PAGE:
Sonic Drawing Machine
Gabriel Guerra, Yangtian Yan, and Senhao Wang (A. Alfred Taubman College of Architecture + Urban Planning), Joseph Mutone (School of Music, Theatre & Dance)
Sound is an inherent characteristic of architecture; any physically constructed space is subject to sonic interactions. Nonetheless, as we observed, partially from working together, architects and engineers are the main determinants in the design of spaces for musical events.
Therefore, we started to think about how musicians can potentially take part in the design process of the space that they would essentially be performing in. This, if being thought of as a design-build project, would be obviously incredibly difficult to achieve. Therefore, if, though still very difficult, the platform of “sonic scenography” which situates the project in the digital realm, does make the project more feasible and gives us a dose of encouragement.
Then, we started with how fundamentally architects and musicians think: although the conclusion involves over-generalization, architects think visually and musicians think sonically. Building upon that assumption, we further delved into the possibility of establishing a lexicon through which architects and musicians can communicate and design space together. As a form of a duet, the “call-and-respond” interaction is the model in musical performances that we are borrowing; this form of practicing between two musicians allows for fluid communication ,which is similar to a real-time peer review. Therefore, the adopted model that we designed for this specific project can be described as the following:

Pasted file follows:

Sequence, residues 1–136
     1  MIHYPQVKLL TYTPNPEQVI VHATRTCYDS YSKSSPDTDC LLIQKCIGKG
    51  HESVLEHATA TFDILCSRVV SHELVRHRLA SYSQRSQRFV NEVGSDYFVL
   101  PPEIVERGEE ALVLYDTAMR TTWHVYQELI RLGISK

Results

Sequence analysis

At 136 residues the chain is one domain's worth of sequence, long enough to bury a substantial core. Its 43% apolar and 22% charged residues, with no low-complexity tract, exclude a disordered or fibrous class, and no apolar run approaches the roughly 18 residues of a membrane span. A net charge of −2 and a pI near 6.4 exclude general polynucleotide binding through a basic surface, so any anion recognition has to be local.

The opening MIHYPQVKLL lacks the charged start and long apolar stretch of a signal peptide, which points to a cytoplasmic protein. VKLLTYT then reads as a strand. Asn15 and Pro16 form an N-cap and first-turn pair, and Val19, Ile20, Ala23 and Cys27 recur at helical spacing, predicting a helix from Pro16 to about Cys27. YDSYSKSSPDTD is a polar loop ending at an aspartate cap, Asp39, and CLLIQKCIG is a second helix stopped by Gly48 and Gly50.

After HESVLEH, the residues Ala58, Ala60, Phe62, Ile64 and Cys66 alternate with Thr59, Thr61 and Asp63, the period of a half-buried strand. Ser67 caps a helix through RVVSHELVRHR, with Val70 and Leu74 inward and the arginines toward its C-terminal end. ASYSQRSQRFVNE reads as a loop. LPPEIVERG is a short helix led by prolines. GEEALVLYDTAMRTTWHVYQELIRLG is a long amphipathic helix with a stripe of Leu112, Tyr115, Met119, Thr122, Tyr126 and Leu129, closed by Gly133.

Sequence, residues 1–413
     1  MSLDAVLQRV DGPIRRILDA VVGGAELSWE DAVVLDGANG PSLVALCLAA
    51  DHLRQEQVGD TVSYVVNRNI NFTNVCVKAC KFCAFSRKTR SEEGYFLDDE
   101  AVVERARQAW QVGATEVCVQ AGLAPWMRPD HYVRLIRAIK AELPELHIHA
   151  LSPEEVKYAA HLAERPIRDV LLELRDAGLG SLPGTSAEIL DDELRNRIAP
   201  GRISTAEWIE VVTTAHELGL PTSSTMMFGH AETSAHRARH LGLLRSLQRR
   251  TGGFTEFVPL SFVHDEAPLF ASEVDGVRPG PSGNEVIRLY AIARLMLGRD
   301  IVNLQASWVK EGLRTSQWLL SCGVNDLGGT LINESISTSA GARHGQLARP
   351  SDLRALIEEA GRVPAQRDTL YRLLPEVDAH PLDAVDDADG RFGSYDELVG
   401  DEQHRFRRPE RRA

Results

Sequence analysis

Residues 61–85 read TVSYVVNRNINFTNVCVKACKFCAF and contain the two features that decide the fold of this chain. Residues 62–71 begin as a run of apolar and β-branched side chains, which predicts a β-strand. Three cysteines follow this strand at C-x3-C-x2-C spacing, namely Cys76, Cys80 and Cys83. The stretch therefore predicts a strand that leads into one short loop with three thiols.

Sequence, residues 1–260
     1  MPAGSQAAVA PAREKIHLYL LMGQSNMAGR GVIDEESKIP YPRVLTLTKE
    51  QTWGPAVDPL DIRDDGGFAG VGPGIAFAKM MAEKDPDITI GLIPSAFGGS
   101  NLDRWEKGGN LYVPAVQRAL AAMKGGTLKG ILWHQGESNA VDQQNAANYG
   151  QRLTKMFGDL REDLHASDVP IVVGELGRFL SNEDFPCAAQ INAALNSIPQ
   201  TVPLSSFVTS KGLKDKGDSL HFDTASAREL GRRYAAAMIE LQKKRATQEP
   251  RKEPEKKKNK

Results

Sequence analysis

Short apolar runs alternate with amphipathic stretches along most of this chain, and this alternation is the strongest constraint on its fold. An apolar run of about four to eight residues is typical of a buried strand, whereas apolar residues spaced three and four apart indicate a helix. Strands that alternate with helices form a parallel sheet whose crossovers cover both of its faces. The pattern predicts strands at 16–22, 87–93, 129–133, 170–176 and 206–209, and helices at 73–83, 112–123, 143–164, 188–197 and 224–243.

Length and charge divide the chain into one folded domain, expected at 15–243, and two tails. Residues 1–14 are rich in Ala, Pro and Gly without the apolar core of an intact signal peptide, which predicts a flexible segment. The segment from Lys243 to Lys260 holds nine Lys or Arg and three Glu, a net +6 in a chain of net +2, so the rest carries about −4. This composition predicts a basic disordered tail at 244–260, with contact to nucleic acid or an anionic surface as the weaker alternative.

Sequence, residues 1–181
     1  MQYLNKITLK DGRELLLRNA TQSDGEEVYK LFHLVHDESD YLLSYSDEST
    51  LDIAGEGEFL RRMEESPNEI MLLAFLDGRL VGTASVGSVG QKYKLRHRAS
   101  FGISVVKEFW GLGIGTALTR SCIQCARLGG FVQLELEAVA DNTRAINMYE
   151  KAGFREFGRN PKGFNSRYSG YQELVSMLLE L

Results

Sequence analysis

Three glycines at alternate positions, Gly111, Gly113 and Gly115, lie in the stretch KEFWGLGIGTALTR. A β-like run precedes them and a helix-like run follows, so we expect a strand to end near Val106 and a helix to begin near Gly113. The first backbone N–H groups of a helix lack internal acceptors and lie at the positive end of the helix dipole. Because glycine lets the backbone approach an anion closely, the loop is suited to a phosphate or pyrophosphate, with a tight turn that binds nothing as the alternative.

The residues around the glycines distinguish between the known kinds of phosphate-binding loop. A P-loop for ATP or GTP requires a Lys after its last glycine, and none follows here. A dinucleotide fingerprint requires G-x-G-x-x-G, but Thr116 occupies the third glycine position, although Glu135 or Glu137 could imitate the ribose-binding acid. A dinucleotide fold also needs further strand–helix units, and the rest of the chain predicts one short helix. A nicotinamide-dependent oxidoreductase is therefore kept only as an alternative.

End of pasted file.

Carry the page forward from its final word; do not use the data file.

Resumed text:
“As humans, most of us share a similar emotional response system; we are afraid of similar things and there are certain things that make most of us elated. Therefore, after recognizing that pattern, we then divide the library into a visual one and a sonic one: visual things that elicit emotional responses and sound patterns that also cause us to ‘feel’. Then, we are hoping to utilize this (visual + sonic) lexicon for architects and musicians to interact and communicate. For instance, the architect wants to create a happy space. By using the elements from the visual library established previously, musicians can also understand and provide feedback, not visually but through sound. In other words, with a translatable library of visual elements and sonic patterns, musicians and architects can communicate in their own comfort zone and design a digital space together. And our project essentially wants to document this unique creative process.”